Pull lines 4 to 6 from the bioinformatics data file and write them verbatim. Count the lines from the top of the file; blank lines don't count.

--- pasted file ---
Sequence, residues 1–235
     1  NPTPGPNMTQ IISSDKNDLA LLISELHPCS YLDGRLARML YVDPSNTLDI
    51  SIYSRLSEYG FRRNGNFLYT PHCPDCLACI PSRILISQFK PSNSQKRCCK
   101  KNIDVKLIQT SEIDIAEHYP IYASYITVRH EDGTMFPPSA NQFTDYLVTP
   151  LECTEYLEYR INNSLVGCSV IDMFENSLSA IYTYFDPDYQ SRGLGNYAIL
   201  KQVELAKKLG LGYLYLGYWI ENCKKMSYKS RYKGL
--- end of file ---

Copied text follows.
   101  KNIDVKLIQT SEIDIAEHYP IYASYITVRH EDGTMFPPSA NQFTDYLVTP
   151  LECTEYLEYR INNSLVGCSV IDMFENSLSA IYTYFDPDYQ SRGLGNYAIL
   201  KQVELAKKLG LGYLYLGYWI ENCKKMSYKS RYKGL